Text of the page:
“I was very impressed by the idea, content and potential outcomes of the course. I believe that the idea and content smashes right through the barrier of people not being sure what to say or do when confronting distress and gives them skills, knowledge and information to do something to help.” Instructor (Scotland)

MHFA (Wales) is funded by the Welsh Assembly as part of Wales’ work on mental health improvement. Mental Health First Aid was developed in Australia. Comparisons can be drawn in the response to the need for Emergency First Aid and Mental Health First Aid when in both cases members of the public can offer immediate aid and support the person to get appropriate help. It is a 12-hour, evidence-based course with the aim of improving the general public’s awareness and understanding of mental health. The course has been adapted to better suit the needs of people in Wales and is now being delivered as Mental Health First Aid MHFA (Wales). The course does not train you to be a therapist, counsellor or mental health professional.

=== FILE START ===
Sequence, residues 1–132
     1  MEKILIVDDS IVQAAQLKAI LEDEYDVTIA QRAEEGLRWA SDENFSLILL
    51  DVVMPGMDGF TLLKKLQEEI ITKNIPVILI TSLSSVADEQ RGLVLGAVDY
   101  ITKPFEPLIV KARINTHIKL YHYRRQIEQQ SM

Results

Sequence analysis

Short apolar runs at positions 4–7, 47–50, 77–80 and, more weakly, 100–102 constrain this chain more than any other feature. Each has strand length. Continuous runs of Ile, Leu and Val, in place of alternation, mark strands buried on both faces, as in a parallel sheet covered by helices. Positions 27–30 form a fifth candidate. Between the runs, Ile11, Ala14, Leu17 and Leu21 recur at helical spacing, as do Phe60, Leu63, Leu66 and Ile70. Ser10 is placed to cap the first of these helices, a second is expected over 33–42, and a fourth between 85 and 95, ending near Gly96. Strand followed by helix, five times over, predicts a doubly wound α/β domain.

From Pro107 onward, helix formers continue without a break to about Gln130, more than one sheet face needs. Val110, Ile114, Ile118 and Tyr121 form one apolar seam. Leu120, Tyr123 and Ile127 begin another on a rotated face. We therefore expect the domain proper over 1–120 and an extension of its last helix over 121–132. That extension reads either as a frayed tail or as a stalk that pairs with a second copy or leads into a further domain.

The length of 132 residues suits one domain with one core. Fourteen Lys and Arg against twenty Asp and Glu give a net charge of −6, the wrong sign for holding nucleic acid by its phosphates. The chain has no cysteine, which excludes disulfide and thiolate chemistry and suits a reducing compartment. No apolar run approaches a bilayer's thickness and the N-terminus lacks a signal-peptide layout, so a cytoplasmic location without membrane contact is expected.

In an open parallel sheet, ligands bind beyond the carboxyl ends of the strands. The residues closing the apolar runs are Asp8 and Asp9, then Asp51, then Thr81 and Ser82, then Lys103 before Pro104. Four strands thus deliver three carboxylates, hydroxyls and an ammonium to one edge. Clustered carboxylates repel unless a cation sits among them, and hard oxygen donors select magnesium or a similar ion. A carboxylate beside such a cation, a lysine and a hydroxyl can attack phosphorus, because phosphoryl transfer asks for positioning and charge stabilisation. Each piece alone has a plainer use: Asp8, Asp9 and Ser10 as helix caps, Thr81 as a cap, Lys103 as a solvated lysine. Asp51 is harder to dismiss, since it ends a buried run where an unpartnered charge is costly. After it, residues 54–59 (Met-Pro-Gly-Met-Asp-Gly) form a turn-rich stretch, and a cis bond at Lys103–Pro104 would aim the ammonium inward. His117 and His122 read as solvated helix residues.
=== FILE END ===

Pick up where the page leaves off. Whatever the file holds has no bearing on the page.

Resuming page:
The course will teach you to:

• Give initial help to someone experiencing a mental health problem
• Deal with a crisis situation or the first signs of someone developing mental ill health
• Guide people towards appropriate help.

The course delivery is very flexible and may be delivered over 2 full days or spread out over a maximum of 4 sessions over 4 days. Participants will receive a certificate of attendance and a copy of the MHFA (Wales) Manual, which covers the course content. Instructors are also available to deliver the course in Welsh.

A recent formal evaluation reported:

• The majority of participants felt that the learning they had gained from participating in the training would be useful to them in both their work and personal life.
• Substantial increases in participants’ knowledge and awareness of mental health issues, including their ability to recognise if someone was experiencing a mental health problem.
• Participants reported increased confidence that they would be able to recognise if someone is experiencing a mental health problem and to advise them about how to seek appropriate help.
• There was a considerable increase in the proportion of participants who said they would be prepared to help someone they thought was experiencing a mental health problem.